Tervis Salutes Its Veterans
In 1919, President Wilson proclaimed Nov. 11 as Armistice Day to honor the veterans who fought in World War I. That day was chosen because the worst and most destructive fighting in the “War to End All Wars” ceased on Nov. 11, 1918. It became a legal holiday in 1938.
Armistice Day honored WWI veterans, but WWI did not end all wars. After WWII and Korea, Congress set out to honor all U.S. veterans. In 1954, Armistice Day became Veterans Day.
Tervis is proud that many of our employees served in the military. Here are just a few of our heroes, who we thank for their service and sacrifices.
Willard (Bill) Ward recalls, “When you’re 300 miles from the North Pole, the view of the Northern Lights is amazing, just breathtaking.” Serving in the Navy for 10 years, Bill (Petty Officer 2nd Class) saw his share of amazing sights that included beautiful sunsets, a 14th Century castle in Cannes, France, the 1972 French Grand Prix and cities throughout Germany and Denmark. Traveling the world, while a nice perk, wasn’t his motivation to joining the military. Like his father, grandfather and two uncles, he joined “because it was the right thing to do.” So right, in fact, that Bill received an Expeditionary Medal for his participation in Operation Evening Light. During his tenure, Bill served aboard the USS Intrepid, USS Saratoga and USS Nimitz — all proudly displayed on his custom tumbler he keeps within reach during his shifts in Production. Bill is proud of his service and those who served before, during and after his enlistment and suggests to the young people pondering their future to grab a camera and enlist. They’ll learn direction, job and life skills, and a new-found appreciation of the U.S. — and maybe snap a few amazing pictures along the way.
Kurt Karussi, a designer in New Product Development, served in the U.S. Coast Guard. When asked why he joined, Kurt gave a powerful three-word answer: “To save lives.” Trained as a rescue — and combat — diver, Kurt kept his word, saving lives in New Orleans, San Diego and Kuwait City during Desert Storm. Then there was the Haitian recovery, in which his cutter rescued refugees from overcrowded and capsized boats coming to America. Kurt also worked alongside the U.S. Navy and the Icelandic Coast Guard on an ice-breaker, traveling from the North Pole to the South Pole. Kurt proudly recalls the freezing dives under ice and the amazing brotherhood and camaraderie among the 100-member crew. Kurt appreciates all the Coast Guard taught him about discipline, time management, stress management and life. He pays it forward as an Honor Guardian; two times a year, Kurt escorts a WWII veteran to Washington DC to visit the WWII Memorial.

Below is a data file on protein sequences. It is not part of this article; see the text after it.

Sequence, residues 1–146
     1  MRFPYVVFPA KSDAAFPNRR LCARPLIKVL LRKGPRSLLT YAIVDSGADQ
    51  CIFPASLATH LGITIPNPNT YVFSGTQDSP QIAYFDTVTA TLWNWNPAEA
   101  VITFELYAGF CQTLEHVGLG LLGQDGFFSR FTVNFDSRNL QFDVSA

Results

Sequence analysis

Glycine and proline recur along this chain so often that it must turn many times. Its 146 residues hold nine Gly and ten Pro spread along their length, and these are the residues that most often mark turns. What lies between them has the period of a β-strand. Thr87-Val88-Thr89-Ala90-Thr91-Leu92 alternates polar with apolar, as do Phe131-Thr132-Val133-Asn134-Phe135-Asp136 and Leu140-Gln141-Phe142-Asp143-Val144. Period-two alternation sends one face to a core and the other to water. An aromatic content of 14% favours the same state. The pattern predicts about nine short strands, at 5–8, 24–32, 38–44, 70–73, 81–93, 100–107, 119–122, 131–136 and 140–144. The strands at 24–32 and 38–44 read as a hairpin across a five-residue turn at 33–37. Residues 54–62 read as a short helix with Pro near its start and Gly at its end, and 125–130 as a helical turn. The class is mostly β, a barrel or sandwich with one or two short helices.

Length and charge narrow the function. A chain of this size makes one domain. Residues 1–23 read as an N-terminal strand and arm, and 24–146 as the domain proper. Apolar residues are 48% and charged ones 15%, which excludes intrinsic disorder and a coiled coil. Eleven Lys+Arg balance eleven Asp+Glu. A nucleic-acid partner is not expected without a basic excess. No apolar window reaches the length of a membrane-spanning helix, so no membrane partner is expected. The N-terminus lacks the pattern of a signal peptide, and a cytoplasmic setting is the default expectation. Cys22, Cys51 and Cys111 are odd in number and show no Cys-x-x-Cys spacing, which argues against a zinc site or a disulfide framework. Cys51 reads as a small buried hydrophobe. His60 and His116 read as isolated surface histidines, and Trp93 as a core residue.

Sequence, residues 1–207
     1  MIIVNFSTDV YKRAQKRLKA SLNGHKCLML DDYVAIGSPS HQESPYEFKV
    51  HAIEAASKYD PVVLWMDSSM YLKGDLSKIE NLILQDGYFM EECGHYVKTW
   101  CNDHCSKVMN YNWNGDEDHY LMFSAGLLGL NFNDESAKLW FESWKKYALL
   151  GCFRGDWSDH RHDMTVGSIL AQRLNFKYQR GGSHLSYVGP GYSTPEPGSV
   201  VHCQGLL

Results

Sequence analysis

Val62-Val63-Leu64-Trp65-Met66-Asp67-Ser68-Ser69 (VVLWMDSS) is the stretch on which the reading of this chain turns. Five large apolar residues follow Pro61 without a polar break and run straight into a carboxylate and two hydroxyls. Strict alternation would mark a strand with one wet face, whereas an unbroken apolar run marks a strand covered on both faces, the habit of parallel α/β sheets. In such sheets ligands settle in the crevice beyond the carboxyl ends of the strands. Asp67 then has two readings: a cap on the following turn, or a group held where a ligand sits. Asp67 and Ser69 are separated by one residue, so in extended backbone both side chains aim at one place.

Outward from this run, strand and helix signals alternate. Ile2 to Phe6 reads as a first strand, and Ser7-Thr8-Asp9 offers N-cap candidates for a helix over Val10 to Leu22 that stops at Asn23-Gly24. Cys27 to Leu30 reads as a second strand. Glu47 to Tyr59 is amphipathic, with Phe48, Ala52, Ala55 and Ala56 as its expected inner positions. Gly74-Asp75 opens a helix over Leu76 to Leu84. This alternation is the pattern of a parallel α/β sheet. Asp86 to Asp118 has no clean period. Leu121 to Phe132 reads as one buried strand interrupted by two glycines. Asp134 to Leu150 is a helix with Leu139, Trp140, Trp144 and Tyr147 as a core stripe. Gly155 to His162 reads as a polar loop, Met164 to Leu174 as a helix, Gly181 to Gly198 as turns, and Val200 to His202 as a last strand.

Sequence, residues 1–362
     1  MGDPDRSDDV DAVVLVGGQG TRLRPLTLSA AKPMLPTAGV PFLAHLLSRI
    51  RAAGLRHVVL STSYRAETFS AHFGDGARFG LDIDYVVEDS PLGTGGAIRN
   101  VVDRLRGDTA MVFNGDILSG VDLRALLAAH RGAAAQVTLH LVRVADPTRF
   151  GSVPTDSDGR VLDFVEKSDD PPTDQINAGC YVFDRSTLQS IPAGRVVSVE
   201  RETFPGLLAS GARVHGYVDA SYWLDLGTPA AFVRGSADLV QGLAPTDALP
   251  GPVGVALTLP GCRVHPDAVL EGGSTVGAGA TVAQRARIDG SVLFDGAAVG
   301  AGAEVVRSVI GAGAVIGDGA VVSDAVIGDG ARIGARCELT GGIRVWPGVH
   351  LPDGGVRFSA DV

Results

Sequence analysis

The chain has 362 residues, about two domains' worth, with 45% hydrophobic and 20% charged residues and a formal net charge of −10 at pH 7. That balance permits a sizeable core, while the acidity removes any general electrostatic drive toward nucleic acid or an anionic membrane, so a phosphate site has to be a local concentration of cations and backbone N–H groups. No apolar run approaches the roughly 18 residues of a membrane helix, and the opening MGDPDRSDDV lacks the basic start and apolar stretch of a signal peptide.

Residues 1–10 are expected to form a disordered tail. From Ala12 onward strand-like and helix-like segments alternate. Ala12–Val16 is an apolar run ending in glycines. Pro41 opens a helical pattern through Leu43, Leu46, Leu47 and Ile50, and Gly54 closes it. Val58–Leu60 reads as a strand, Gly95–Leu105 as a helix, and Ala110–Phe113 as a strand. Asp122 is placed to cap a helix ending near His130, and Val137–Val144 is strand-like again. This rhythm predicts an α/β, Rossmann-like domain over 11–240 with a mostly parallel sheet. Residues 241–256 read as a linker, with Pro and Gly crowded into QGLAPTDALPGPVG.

Tami Lake, a self-proclaimed “Navy Brat” turned Navy Dental Technician, joined the U.S. Navy in 1989. She served at Camp Pendleton, Calif.; Dam Neck Va.; and Diego Garcia, British Indian Ocean Territory –“a little slice of heaven in the middle of the ocean.” A real patriot, Tami believes every able-bodied citizen should serve in the military to make them and our country stronger and unified. Tami married a Navy man, and since 2013, her son continues the family’s Navy tradition as a Navy Corpsman stationed at the Naval Hospital in Guam. The Navy taught Tami a strong work ethic, love, compassion and how to get along with people from all walks of life –skills she commits to each day with her family and while working at our Virginia Beach store.
Carla Meyer followed the footsteps of her great grandfather, grandfather and uncle by joining the Navy in 1994, straight out of high school. Her 20-year career included stints aboard the USS Nimitz during 9/11 and as a part of Operation Enduring Freedom aboard the USS Dwight D. Eisenhower. Her service also brought her to the USS Arizona Memorial in Hawaii, which she remembers fondly. She is very proud the support she gets from her family. Her brother sports a U.S. Navy tattoo in her honor. Her niece wrote about her for school on several occasions. Her daughter wants to be “just like her mommy” and join the military when she is old enough. The Navy taught Carla logistics and how to think on her feet in any situation. She puts those skills to use each day when working with inventory and store visitors in Virginia Beach.
Corey Sobrane wanted to serve his country and follow the lead of his relatives, so he joined the Navy in 1993. Serving for six years, including Operation Southern Watch, Machinist Mate 3rd Class Corey traveled the world aboard the USS Theodore Roosevelt, a carrier so big the entire Tervis headquarters could fit inside its hanger bay. Corey is thankful the Navy provided “a PhD in nuclear engineering in under two years,” leadership training and tours that brought him to the Suez Canal, Jerusalem, Athens and Venice, Italy. Being part of a 6,000-member crew also taught Corey discipline and teamwork at a young age, which he utilizes in Production here in Venice, Fla.
Bill, Kurt, Tami, Karla and Corey are exemplary people with a proud sense of family, country and duty. When you see them at Tervis, take a moment to say “Thanks.” They’ll appreciate it more than you can imagine, and maybe they’ll share a story with you — an amazing story only a veteran can tell.
Tervis thanks these five veterans and all of the veterans and active-duty personnel around the world. Their dedication and service is what makes America what it is today.
Tami Lake sums it up perfectly, “Hooyah, America!”
— PJ Butland